The Glory of Gau-Mata: The Unbroken Heritage of Cattle Rearing and Worship in Bharatavarsha

The Glory of Gau-Mata: The Unbroken Heritage of Cattle Rearing and Worship in Bharatavarsha

The first episode of a new series tracing the evocative and rich tradition of Cow worship and cattle rearing in ancient India. The Go-Mata heritage is one of Bharatavarsha's unique gifts to world civilisation itself.

Editor’s Note

THIS IS THE FIRST EPISODE of an abridged version of a detailed and valuable academic paper authored by the late scholar, Sri R. Ganguli in 1931 for the Bhandarkar Institute’s journal. Minor edits have been made to language in the interest of contemporaneity. 

Happy reading!

— Chapter 1 — 

In this essay, an attempt has been made to deal with Cattle and Cattle-rearing in ancient India. The subject has been treated under five heads, viz: 

1. Cattle-objects of great care and religious veneration 

2. Keeping and employing cattle 

3. Diseases and their treatment 

4. Feeding and stock breeding 

5. Conclusion

Cattle is the equivalent of the Sanskrit word, Go. Besides cattle, the word Go has a host of other synonyms such as the earth, the Goddess of Speech, water, rays of the Sun, mother, etc. In the Puranas, we find the cow as a symbolical representation of the Earth, rays of the Sun, or the Goddess of speech.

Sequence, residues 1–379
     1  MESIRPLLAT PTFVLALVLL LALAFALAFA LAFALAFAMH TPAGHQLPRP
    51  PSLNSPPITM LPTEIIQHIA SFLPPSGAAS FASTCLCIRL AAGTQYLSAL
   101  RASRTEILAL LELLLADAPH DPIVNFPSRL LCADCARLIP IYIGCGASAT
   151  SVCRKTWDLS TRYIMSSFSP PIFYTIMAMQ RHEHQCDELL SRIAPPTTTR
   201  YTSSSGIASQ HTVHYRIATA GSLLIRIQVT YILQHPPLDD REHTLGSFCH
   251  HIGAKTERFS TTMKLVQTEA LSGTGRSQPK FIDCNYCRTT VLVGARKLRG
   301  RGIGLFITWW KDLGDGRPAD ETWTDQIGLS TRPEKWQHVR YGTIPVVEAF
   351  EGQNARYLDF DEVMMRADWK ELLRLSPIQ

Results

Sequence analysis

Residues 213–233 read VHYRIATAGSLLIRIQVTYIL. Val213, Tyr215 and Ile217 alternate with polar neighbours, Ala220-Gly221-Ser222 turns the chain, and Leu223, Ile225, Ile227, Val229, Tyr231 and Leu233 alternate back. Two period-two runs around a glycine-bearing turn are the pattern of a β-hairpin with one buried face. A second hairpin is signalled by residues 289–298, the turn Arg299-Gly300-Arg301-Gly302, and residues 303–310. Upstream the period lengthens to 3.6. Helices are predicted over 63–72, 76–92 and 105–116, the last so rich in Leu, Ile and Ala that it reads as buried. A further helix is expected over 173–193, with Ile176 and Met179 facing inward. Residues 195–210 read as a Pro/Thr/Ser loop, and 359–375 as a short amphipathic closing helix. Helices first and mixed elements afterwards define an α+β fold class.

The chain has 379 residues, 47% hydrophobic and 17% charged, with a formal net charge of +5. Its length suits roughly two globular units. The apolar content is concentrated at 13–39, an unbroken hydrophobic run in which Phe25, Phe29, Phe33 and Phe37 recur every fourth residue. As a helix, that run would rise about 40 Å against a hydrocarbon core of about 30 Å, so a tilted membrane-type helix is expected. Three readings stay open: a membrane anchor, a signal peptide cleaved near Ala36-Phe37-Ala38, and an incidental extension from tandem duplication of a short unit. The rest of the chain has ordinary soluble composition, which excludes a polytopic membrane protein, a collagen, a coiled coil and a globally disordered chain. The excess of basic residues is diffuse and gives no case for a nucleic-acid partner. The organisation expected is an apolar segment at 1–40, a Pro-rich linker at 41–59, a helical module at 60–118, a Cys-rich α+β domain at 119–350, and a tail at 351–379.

Buddha, in his discourse against the killing of cows says, “Like unto mother, the cows are our best friends. As water, earth, gold, wealth and corn, even so are the cows for men, for this is a requisite for living beings.”

Ap (Water) is life-giving, the Earth bears all living beings and offers sustenance to them, and Vaak is the gracious goddess who feeds the reflective mind. When we trace the evolution of the Sanatana spiritual culture and civilisation, it becomes clear that the usefulness of the cow became identified with all that sustains body and mind. This beautiful hymn from the Rg Veda shows the depth of the Hindu feeling for the cow. 

Come back, go not elsewhere! Abounding in wealth, sprinkle us. Agni and Soma, you who clothe (your worshippers ) again, bestow upon us riches. ring them back again, render them obedient. May Indra restore them. May Agni bring them near us. May they come back to me. O Agni, do Agni keep them here. I invoke the knowledge of the place, of their going, of their coming, of their departure, of their wandering, of their returning. I invoke the Protector of the cow. 

“Indra, bring back our cattle. Give us our cows again. May we rejoice in our cows being alive. I nourish you O Devatas, who are everywhere present, with curds, with butter, with milk. Come back, all my dear cows.”

Gotra and Goshti

In the Vedic society, cattle formed the principal property of the people. It is quite natural therefore, that they were so anxious for the safe keeping of their cattle. Indeed, they formed into gotras and goshtis for the protection of their cattle against wild animals and robbers. The literal meaning of gotra and goshti are respectively, “common cow-stall” and “common pasture land.” In that ancient period, several families or groups of families entered into a mutual understanding to erect a strong common enclosure for the protection of their cattle. Those families who held a common cow-stall belonged to the same gotra and a number of gotras who used a common pasture land, likewise belonged to the same goshti.